A newly discovered flaw in chips powering wireless devices from a number of popular brands has left over a billion people vulnerable to hacking. Researchers working for the Slovakia-based internet security company ESET discovered a flaw that can allow hackers to steal data from people using these devices.
ESET researchers have officially tagged the flaw as CVE-2019-1526, but have also given it the nickname “Kr00k.” The flaw, which affects devices using Wi-Fi chips made by Cypress and Broadcom, causes vulnerable devices to use an all-zero encryption key. With this, hackers can easily read data being sent from these devices.
To communicate, wireless chips send data out in chunks called packets. To keep hackers from being able to read what’s in these chunks, wireless chips will encrypt them using an encryption key, which is a string of 80 to 128 ones and zeroes that only the sending and receiving chips are supposed to know. With this encryption key, anyone intercepting these packets will not be able to read their contents.
An all-zero encryption key, on the other hand, consists entirely of zeroes. As such, anyone who intercepts these packets can easily read them. It doesn’t matter how strong the encryption is, all a hacker needs to do is enter a string of zeroes as the encryption key and they’ll be able to access the data.
The Kr00k vulnerability affects more than just one protocol. According to the researchers, the vulnerability affects both WPA2-Personal and WPA2-Enterprise protocols, with AES-CCMP encryption. Originally developed to replace the less secure WEP (Wireless Encryption Protocol) standard, WPA2 is supposed to offer government grade security by implementing encryption standards specified by the National Institute of Standards and Technology.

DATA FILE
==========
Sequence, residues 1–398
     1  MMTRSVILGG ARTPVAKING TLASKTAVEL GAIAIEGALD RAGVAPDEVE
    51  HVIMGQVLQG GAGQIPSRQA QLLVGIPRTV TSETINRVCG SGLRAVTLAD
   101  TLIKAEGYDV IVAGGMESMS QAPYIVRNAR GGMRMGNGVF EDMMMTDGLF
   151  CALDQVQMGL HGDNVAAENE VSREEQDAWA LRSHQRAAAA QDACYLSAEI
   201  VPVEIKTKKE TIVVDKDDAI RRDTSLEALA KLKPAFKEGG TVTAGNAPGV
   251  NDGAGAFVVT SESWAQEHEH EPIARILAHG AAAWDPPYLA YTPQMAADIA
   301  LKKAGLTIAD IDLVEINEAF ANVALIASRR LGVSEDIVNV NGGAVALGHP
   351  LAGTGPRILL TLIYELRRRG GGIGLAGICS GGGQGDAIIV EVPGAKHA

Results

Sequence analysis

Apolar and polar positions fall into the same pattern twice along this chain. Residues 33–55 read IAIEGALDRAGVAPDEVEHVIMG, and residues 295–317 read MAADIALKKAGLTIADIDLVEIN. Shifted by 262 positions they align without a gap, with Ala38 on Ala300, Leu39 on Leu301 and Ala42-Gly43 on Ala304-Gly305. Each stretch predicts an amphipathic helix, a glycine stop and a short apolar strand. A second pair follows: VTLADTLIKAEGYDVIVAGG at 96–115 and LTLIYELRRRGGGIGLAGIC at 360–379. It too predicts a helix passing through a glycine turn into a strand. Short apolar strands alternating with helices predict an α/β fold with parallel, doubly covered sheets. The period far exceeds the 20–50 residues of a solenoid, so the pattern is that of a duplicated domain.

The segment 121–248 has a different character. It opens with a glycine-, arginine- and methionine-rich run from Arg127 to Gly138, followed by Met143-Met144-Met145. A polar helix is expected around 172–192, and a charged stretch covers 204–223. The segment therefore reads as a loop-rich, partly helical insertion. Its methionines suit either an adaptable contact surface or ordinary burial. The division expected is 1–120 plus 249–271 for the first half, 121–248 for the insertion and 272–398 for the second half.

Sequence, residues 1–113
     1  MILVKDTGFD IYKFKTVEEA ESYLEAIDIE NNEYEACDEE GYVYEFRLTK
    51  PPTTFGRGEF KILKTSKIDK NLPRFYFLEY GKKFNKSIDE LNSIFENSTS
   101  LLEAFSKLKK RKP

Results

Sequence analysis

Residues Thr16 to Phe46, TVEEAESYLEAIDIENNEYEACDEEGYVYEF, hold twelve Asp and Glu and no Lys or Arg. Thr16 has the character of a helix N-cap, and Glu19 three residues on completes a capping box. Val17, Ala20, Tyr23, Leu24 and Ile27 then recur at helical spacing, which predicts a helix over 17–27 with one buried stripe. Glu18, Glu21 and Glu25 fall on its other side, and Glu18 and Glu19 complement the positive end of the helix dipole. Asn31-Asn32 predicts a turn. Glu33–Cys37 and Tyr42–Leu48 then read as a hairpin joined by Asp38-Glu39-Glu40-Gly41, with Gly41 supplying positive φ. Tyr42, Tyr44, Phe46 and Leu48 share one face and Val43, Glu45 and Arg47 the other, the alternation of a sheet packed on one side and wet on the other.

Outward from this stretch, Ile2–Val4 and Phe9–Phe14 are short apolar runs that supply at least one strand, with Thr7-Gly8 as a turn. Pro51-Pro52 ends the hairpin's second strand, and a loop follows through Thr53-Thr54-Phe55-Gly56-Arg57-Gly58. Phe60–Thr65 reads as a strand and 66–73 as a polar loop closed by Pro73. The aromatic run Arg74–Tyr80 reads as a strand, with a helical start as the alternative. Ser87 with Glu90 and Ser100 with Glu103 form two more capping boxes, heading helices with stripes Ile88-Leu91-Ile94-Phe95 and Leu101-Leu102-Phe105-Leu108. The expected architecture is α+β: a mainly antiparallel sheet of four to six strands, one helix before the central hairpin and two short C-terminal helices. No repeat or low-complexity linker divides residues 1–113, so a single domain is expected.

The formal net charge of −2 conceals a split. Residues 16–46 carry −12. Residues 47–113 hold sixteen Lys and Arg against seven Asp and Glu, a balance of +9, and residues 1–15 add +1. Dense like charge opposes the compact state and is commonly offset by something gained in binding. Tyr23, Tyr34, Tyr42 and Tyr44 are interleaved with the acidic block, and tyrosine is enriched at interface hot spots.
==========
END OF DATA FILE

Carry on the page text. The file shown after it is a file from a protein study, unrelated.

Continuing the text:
Despite this, a number of WPA2 vulnerabilities have been found. In 2017, Mathy Vanhoef discovered one of the most well-known of these, called KRACK (Key Reinstallation Attacks). According to the ESET team, Kr00k is actually related to the KRACK exploit.
Due to the popularity of the chips, the Kr00k exploit affects a wide range of devices. According to the researchers, a number of Wi-Fi access points by Asus and Huawei were particularly vulnerable.
More concerning, however, is the number of consumer devices that are vulnerable to Kr00k. A number of popular devices from tech giants such as Amazon (Echo, Kindle), Apple (iPad, iPhone, MacBook), Google (Nexus), Samsung (Galaxy) and Xiaomi (RedMi) are vulnerable to the exploit. Also vulnerable is the Raspberry Pi 3, the popular single-board computer used by many hobbyists and students. Furthermore, the researchers admitted that they weren’t able to test a number of devices from other vendors that use the affected chips from Broadcom and Cypress, and that these could also be vulnerable.
To help address the flaw, the researchers have informed Broadcom and Cypress about the vulnerabilities. These manufacturers have since released updates for the vulnerable chips. The researchers also worked with the Industry Consortium for Advancement of Security on the Internet (ICASI) to make sure that all parties affected were aware of the Kr00k exploit.
The wide reach of Kr00k is a major cause for concern. With popular devices such as the Amazon Echo and Apple iPhone potentially affected, any hacker who’s aware of the exploit can use it to steal information that users send over Wi-Fi, including messages, photos and passwords.
Now, the researchers state that most companies should already have a patch out that addresses the Kr00k vulnerability. According to them, simply downloading the latest updates should take care of the vulnerability. That is, if the companies actually did address Kr00k in the patch.
One of the companies involved, Huawei, is seen by many as a huge espionage risk due in part to its links to the Chinese government. The U.S. has already made moves to limit the company’s access to American-made chip technology. It’s not hard to imagine that Huawei or the other tech giants would keep the vulnerability in place to allow them to spy on people.